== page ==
The Creepy Truth About The Bones Found In Benjamin Franklin's Home

During his life, Benjamin Franklin was many things: a founding father, inventor, Freemason, scientist, diplomat, and more (via Biography). Although an American figure, Franklin lived in London for nearly two decades in a house at 36 Craven Street (via Smithsonian Magazine). In 1776, Franklin returned to America.

Some 200 years later, it was decided that the four-story Georgian home would be turned into a museum (via Mental Floss). Repairs had begun on the basement when a secret windowless room was discovered. It was here that the bones of 15 people were found. When examinations uncovered that the bones were 200 years old, this raised the question: Was Franklin also a serial killer? The bones would have been buried at the same time he lived in the house. The truth is fortunately not as macabre as you might suspect.

William Hewson was a medical student and Franklin's friend. Most importantly, Hewson had a connection to the home: His mother-in-law was the landlady. At one point in time, Hewson had been a student of famed anatomist William Hunter. When they had a falling out, Hewson continued his studies on his own and the home at 36 Craven Street became his lab.

It was medical, not murder

According to Culture Trip, the dissection of bodies was illegal in the 1700s. Hewson, however, was eager to experiment, and so he turned to grave robbing to supply himself with cadavers (via Mental Floss). Hewson and others would either dig up the bodies themselves, or pay resurrectionists — professional grave robbers or body snatchers — a not uncommon practice at the time.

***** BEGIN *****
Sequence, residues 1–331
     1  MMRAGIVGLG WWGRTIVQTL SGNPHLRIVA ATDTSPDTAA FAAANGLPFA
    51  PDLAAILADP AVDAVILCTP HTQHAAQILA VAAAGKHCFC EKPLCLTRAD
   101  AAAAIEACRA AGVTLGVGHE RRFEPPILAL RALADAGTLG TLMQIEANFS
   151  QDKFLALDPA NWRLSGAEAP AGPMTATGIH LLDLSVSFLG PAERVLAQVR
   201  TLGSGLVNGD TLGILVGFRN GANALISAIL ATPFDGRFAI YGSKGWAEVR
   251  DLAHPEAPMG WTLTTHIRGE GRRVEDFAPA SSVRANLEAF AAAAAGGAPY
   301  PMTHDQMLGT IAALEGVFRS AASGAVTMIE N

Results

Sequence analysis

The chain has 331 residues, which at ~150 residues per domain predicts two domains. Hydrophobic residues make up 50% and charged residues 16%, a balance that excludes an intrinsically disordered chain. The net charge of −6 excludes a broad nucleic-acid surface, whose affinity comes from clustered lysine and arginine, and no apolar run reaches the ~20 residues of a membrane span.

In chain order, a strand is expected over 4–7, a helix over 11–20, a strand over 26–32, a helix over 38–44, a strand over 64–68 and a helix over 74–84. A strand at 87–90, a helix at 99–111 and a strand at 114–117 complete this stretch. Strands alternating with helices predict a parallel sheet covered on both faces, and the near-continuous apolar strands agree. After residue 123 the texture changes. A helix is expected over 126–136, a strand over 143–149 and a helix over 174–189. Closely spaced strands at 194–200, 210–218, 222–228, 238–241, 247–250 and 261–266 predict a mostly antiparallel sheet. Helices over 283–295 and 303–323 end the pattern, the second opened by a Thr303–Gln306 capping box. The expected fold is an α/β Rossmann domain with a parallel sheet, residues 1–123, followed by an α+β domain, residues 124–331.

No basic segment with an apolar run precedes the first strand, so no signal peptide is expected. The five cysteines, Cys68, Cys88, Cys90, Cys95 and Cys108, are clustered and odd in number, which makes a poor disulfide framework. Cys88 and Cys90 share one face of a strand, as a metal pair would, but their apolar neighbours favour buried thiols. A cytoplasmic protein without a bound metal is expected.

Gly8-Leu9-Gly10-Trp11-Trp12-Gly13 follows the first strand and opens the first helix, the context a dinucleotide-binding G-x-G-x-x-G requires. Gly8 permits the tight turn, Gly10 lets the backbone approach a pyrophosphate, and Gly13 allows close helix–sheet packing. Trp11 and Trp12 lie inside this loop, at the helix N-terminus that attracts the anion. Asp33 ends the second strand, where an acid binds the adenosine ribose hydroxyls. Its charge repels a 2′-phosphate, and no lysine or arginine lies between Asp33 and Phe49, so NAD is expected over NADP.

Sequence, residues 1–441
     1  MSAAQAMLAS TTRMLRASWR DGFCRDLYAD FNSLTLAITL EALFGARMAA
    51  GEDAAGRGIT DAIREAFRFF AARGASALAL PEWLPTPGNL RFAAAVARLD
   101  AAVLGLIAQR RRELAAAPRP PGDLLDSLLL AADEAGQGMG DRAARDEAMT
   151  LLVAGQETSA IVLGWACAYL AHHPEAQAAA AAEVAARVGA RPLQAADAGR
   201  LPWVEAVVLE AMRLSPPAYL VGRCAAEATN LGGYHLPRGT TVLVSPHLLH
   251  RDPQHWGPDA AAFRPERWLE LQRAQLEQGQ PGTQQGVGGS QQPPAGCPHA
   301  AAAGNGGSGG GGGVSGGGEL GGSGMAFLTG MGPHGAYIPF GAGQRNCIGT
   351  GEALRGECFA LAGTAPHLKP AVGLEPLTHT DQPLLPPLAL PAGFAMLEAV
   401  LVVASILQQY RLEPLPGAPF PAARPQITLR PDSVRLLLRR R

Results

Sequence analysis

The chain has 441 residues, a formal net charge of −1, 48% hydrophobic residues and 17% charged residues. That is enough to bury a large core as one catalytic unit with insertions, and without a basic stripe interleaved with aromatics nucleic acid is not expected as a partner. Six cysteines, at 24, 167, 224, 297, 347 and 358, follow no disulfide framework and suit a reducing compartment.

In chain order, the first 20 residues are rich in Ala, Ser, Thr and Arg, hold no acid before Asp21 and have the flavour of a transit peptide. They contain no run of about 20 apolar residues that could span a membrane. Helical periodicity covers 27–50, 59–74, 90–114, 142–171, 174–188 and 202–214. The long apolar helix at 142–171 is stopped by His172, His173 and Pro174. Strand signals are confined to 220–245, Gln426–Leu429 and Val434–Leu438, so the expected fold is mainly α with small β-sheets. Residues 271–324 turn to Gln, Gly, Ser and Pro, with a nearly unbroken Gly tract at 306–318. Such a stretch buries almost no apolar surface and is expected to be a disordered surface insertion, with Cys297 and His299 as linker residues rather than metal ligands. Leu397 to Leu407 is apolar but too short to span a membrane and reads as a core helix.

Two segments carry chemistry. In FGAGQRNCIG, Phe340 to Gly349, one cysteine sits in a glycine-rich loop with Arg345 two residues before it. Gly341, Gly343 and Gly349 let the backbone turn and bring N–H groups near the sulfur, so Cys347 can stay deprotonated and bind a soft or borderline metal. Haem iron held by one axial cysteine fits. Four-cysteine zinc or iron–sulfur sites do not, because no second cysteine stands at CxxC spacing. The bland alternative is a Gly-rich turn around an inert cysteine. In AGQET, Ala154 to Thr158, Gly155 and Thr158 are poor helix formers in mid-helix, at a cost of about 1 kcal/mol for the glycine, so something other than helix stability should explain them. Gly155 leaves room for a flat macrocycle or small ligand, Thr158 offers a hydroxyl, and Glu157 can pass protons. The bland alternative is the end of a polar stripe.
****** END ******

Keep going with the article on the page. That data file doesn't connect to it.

Historians later discovered that the bones found in the basement had cuts that matched those made by medical instruments, further supporting this theory. Moreover, the home was located mere blocks away from a wharf. Thus, bodies could be smuggled off ships or delivered to the wharf in the dead of night without arousing suspicion. At the other end of the street was a gallows, for executing criminals. Instead of risking getting caught and getting charged by disposing the remains, Hewson buried them in the house.

It's unclear how involved Franklin was in this operation. According to Smithsonian Magazine, he was probably aware of what was happening, but did not participate. Of course, there's also the possibility that Franklin, the face on the $100 bill, knew nothing. Whatever the case, Hewson was only 35 when he unfortunately died of an infection resulting from cutting himself while dissecting a body (via Medical History Tour).